Why NOT to use closed loop tuning
- If someone thinks he can tune best his own way, he is likely to do that
- in VERY fast (revving) cars where the EGO correction may be too slow to apply the correction in the right loadsite. In fast cars like this you often have to keep track of the actual lambda, target lambda and also check that the EGO correction is on track. This can usually be worked around by using a longer straight, more brake and higher speed (and gear). When that is not possible it's time to turn EGO correction off.
- when the engine is acting up for some reason, for example leaky valve seals that soil the WBo2 on overrun or a turbo that does the same.
- when there are periodic missfires, the counterrecommended way of EGO correction fails badly. However, the recommended way switches off EGO-correction automatically during the missfire condition, and only apply EGO-correction during normal operation.
- EGO correction means fuel pulsewidth correction based on "Exhaust Gas Oxygen" measurements.
- Correction means to add or take-away fuel (pulsewidth)
- Authority range is the range from maximum take-away to maximum add percentage.
Let's say one wants to maintain an appr 20% authority for EGO correction. This is a decision of the tuner. This might be reasonable for production operation (street / racing). During tuning, often a bigger authority is used. Lower (than 20%) authority makes sense when the WBO2 sensor is to be removed (for whatever reason?) after tuning. Also, smaller (but non-zero!) authority range is usually used for extremely fast-revving engines.
The image shows a range of VE=162 .. 202 configured in 2 different ways:
- good: 200 based, -19% .. +1%
- bad : 174 based, -7% .. +16%
One might believe (before thinking about it) that setting ego_rich_limit higher than ego_lean_limit is the way to go. But there are very good reasons to use the "good" method which relies on ego_lean_limit rather than ego_rich_limit. Makes little difference when the authority range is small.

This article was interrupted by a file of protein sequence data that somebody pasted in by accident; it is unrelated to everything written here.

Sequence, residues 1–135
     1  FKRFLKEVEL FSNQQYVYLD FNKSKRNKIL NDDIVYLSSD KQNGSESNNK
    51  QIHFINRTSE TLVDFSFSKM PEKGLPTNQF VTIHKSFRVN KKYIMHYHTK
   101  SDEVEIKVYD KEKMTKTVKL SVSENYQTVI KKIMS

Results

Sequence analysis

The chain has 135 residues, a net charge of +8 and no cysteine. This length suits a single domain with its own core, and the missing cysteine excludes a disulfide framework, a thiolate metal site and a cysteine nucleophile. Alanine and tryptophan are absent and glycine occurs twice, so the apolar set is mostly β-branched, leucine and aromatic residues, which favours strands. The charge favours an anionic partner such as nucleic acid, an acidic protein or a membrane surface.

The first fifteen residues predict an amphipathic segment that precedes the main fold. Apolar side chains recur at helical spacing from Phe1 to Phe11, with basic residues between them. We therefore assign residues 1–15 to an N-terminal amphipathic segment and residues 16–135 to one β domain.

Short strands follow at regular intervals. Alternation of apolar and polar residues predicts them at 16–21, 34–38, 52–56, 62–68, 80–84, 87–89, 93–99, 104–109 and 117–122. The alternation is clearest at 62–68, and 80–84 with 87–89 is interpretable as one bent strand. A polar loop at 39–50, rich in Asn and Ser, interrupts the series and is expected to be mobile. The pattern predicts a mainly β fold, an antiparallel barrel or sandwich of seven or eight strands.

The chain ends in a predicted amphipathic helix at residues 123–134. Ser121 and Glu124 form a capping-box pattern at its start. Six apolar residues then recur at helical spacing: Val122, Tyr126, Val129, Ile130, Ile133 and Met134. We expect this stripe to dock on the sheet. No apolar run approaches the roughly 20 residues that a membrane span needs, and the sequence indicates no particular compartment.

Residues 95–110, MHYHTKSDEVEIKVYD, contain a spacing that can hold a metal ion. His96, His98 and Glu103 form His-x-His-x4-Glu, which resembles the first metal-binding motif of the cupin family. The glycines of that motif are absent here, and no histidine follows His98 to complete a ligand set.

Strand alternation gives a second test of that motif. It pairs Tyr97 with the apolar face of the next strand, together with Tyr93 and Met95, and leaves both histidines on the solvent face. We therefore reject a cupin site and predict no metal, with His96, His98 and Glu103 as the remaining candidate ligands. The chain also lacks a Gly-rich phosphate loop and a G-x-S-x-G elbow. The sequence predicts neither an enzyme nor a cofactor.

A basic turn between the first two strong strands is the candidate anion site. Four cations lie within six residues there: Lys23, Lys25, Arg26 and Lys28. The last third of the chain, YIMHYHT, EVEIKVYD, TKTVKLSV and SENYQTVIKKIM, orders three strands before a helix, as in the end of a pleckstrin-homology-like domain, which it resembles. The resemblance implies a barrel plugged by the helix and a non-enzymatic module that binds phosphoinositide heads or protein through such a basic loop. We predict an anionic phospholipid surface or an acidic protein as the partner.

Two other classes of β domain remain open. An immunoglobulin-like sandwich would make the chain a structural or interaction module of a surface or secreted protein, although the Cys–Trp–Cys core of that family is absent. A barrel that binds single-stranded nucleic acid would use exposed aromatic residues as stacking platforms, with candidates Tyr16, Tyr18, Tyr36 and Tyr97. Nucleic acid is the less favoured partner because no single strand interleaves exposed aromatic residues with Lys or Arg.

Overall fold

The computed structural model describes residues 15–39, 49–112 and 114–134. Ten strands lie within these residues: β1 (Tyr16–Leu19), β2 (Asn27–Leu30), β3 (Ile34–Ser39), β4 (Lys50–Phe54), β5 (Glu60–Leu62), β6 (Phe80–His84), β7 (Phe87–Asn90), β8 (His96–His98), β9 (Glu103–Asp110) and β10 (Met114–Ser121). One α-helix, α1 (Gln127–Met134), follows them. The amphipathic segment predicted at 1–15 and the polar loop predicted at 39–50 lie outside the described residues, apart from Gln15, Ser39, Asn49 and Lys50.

- in parenthesis are the percentages in the higher resolution 1/256 units that are used internally and for EGO-correction display
- -19% = -49/256
- +1% = +3/256
- -7% = -18/256
- +16% = +41/256
- The VE value is scaled up (from appr. 100 to near 200) for better resolution: max VE value is 255 (200 and 174 in the example). The req_fuel must be scaled accordingly. The final pulsewidth (for speed-density) is req_fuel * (VE / 100) / lambda * (MAP / 100) * enrichments
Why is the "good" (recommended) better than the "bad" (counterrecommended) ?
- The good method means you start from rich and approach the desired fuel quantity from above.
- The bad approach is to approach from below (danger of leaning out).
- remember that the actual ranges are exactly the same in the 2 case (162..202), just defined from a different starting point
- When the (calibrated) WBO2 sensor reads rich, you can be sure that it's rich(er than the desired lambda, configured in the lambda table).
- when the WBO2 sensor reads lean, it might be lean, or it might be tricked by a missfire. Missfire (no matter how much gasoline you put in!!!) reads lean because of "unburnt oxygen" gets to the exhaust.
Also, (for the case when WBO2 sensor fails), engines tolerate rich condition much better than lean condition.
This justifies adjusting higher (richer) than required VE values, and only allow a marginal ego_rich_limit, effectively stuff most of the ego-correction authority in the ego_lean_limit.
- It is not impossible to tune the engine with the "bad" method just takes more time and attention and involves more risk
- it is even possible to use a very narrow EGO correction range (0.8 .. 5%)
- With extremely fast-revving race-engines low EGO-correction authorithy range makes it impossible for the controller to "carry over correction values from one loadsite to the other". This is a concern when loadsites are tuned unevenly (eg.one loadsite for EGOC=0 and neighbor loadsite for EGOC=-8%. EGOC=+-0.4% (ego_lean_limit=ego_rich_limit=0.4%) is the minimum reasonable range.
- with a narrow EGO-correction authority range the "good" and "bad" are effectively the same: both ego_lean_limit and ego_rich_limit are very low, only used for indication to help the tuner, not effective correction
There were good reasons in the past (eg. WBO2 or proper EGO-correction not available) It's just harder, takes more time and involves more risk.
- consider dropping the ego_rich_limit variable (=0 or +1% wired in) and only allow leaning. It's easy to scale req_fuel up to compensate for this.
- allow ve-learning to learn for a certain ego-correction (=> eg. 5% above actual VE, that will result in egoc=-12=-5%)
- TuningSession/ClosedloopTuning A step by step tuning procedure for tuning with the WBo2-based ego-correction activated. Look at how much the ECU correct the mixture and base your changes on that.
- TuningSession/OpenloopTuning A step by step tuning procedure for tuning with wbo2 but without ego-correction. Look at the actual mixture and the target mixture and base your decisions from that.